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Eur J Cancer Prev. 2002 Aug;11 Suppl 2:S65-70.

Early development of cancer chemoprevention clinical trials: studies of dietary calcium as a chemopreventive agent for human subjects.

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Strang Cancer Prevention Center and Weill Medical College of Cornell University, New York, NY 10021, USA.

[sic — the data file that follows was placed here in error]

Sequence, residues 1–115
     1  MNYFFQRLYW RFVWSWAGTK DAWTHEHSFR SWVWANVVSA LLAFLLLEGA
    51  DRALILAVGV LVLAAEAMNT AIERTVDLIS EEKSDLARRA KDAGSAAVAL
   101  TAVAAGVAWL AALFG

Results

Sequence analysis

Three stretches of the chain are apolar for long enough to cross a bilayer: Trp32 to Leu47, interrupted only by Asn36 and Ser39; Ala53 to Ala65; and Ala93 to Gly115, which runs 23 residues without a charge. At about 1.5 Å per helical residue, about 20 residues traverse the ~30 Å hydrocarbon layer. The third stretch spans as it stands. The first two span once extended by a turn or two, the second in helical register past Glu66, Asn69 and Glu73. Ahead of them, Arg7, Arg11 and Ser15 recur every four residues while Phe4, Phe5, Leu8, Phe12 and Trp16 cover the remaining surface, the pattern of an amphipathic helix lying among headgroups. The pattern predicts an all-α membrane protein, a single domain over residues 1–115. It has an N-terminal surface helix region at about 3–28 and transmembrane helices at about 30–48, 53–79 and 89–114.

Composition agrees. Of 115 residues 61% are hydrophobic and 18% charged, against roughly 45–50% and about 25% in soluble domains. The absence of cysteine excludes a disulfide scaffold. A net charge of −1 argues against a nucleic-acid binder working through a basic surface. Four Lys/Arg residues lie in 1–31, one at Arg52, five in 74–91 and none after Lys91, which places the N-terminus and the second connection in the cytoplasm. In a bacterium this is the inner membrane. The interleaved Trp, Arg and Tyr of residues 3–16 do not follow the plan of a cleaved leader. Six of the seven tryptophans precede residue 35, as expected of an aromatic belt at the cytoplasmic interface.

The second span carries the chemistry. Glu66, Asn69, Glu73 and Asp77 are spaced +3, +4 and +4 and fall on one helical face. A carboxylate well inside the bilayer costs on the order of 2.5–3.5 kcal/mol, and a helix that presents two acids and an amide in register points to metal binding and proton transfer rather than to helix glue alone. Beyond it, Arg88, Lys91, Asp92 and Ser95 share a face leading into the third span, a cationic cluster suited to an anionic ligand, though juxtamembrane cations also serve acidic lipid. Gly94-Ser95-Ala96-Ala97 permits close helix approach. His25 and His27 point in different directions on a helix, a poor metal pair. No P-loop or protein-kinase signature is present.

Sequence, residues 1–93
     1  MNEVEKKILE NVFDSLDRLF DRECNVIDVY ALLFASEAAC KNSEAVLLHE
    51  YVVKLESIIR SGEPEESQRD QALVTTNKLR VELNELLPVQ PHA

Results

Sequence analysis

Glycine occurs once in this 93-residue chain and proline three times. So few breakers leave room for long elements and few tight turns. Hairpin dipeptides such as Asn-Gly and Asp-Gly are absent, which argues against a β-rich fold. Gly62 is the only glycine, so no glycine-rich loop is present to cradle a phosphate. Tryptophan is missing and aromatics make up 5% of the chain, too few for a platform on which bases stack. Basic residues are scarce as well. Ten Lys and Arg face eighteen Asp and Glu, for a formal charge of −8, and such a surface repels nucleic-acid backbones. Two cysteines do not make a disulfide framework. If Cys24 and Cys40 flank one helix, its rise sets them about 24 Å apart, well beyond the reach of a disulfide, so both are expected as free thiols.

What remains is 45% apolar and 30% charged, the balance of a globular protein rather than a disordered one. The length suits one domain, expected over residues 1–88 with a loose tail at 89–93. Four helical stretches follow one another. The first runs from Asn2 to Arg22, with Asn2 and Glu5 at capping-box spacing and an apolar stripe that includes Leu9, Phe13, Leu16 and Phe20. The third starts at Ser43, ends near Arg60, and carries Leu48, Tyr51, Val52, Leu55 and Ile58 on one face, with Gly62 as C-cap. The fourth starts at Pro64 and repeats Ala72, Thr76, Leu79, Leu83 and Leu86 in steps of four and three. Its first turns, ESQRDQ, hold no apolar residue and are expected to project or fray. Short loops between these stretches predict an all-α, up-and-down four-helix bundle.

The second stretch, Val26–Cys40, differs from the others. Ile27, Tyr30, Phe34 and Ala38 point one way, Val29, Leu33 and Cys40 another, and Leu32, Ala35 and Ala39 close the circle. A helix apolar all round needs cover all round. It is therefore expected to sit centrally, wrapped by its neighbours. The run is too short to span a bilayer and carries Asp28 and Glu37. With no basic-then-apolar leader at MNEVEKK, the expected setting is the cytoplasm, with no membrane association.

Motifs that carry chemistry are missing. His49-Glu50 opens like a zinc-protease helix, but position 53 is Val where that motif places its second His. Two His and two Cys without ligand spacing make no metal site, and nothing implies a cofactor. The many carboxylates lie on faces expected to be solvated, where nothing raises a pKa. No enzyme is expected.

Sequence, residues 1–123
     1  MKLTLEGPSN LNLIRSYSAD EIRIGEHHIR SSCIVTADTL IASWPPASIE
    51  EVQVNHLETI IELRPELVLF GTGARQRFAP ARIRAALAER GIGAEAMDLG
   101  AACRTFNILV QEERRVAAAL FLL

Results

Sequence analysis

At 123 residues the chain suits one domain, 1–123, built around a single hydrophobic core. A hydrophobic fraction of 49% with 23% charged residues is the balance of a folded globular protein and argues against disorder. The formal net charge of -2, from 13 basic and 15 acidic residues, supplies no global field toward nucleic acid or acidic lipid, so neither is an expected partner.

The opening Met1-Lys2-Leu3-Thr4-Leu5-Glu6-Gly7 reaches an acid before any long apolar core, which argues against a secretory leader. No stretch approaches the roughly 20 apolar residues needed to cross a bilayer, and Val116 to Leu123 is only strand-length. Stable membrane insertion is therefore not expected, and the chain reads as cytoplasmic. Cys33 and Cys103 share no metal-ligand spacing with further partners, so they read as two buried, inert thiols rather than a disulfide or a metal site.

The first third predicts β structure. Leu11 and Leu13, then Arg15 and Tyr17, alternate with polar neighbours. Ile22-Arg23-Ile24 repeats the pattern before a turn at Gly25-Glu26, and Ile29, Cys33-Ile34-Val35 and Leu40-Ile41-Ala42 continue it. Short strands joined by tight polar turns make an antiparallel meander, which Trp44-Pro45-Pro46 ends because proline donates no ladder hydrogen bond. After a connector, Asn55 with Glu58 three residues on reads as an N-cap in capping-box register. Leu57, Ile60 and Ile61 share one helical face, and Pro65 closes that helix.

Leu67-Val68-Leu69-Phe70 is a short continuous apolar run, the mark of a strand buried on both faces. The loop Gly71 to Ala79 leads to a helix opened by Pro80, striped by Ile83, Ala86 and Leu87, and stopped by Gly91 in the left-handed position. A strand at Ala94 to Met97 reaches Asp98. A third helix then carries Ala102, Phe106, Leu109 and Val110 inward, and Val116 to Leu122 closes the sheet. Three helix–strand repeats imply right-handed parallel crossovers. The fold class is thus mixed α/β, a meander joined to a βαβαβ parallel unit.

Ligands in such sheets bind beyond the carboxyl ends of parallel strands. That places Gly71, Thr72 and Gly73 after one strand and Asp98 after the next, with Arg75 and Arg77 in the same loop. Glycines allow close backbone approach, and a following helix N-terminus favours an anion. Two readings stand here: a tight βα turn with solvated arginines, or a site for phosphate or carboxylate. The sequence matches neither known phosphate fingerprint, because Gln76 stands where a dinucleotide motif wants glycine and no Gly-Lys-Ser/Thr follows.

Early cancer chemoprevention clinical trials in human subjects had to be carried out with large numbers of subjects studied for long durations, measuring cancer as an end point. However new findings on abnormal epithelial cell growth and development during the multistage evolution of colonic tumors made it possible to carry out chemoprevention clinical trials in several stages, with fewer subjects studied for shorter durations, thus enabling investigators to analyze increasing numbers of chemopreventive agents and nutritional regimens in clinical trials. Supplemental dietary calcium was the first candidate chemopreventive agent studied in this multistage approach in human subjects, as a putative agent for colon cancer prevention. Early- and late-stage intermediate biomarker studies in humans have strongly suggested utility for supplemental dietary calcium to inhibit the development of benign and subsequent malignant colonic neoplasms. Preclinical experimental studies have further demonstrated the ability of increased dietary calcium to inhibit the evolution of colonic tumors when they were induced by targeted mutations, dietary factors, and particularly when given over a long duration of lifespan.

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